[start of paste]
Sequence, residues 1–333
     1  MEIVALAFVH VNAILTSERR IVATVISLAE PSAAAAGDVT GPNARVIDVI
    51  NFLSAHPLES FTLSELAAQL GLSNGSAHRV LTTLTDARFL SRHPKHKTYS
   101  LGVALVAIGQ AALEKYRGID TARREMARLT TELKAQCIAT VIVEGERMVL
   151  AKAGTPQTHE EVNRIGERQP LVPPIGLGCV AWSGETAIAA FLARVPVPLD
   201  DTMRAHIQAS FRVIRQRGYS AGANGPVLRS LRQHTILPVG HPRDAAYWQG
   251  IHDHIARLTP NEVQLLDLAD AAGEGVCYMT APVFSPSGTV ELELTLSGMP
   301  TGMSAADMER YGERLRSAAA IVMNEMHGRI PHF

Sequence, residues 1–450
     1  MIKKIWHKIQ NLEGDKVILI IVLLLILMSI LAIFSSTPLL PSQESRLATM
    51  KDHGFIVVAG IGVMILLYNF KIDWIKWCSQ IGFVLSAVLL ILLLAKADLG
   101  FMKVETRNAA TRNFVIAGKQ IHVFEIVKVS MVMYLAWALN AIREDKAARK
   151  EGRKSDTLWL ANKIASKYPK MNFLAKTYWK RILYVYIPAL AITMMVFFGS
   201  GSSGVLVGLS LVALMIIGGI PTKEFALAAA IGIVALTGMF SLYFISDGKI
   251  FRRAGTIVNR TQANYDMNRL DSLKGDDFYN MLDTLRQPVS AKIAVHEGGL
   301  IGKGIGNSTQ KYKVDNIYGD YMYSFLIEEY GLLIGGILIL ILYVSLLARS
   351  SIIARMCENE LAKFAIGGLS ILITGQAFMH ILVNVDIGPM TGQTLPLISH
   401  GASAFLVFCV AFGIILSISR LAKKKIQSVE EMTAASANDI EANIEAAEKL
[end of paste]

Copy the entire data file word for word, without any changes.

Sequence, residues 1–333
     1  MEIVALAFVH VNAILTSERR IVATVISLAE PSAAAAGDVT GPNARVIDVI
    51  NFLSAHPLES FTLSELAAQL GLSNGSAHRV LTTLTDARFL SRHPKHKTYS
   101  LGVALVAIGQ AALEKYRGID TARREMARLT TELKAQCIAT VIVEGERMVL
   151  AKAGTPQTHE EVNRIGERQP LVPPIGLGCV AWSGETAIAA FLARVPVPLD
   201  DTMRAHIQAS FRVIRQRGYS AGANGPVLRS LRQHTILPVG HPRDAAYWQG
   251  IHDHIARLTP NEVQLLDLAD AAGEGVCYMT APVFSPSGTV ELELTLSGMP
   301  TGMSAADMER YGERLRSAAA IVMNEMHGRI PHF

Sequence, residues 1–450
     1  MIKKIWHKIQ NLEGDKVILI IVLLLILMSI LAIFSSTPLL PSQESRLATM
    51  KDHGFIVVAG IGVMILLYNF KIDWIKWCSQ IGFVLSAVLL ILLLAKADLG
   101  FMKVETRNAA TRNFVIAGKQ IHVFEIVKVS MVMYLAWALN AIREDKAARK
   151  EGRKSDTLWL ANKIASKYPK MNFLAKTYWK RILYVYIPAL AITMMVFFGS
   201  GSSGVLVGLS LVALMIIGGI PTKEFALAAA IGIVALTGMF SLYFISDGKI
   251  FRRAGTIVNR TQANYDMNRL DSLKGDDFYN MLDTLRQPVS AKIAVHEGGL
   301  IGKGIGNSTQ KYKVDNIYGD YMYSFLIEEY GLLIGGILIL ILYVSLLARS
   351  SIIARMCENE LAKFAIGGLS ILITGQAFMH ILVNVDIGPM TGQTLPLISH
   401  GASAFLVFCV AFGIILSISR LAKKKIQSVE EMTAASANDI EANIEAAEKL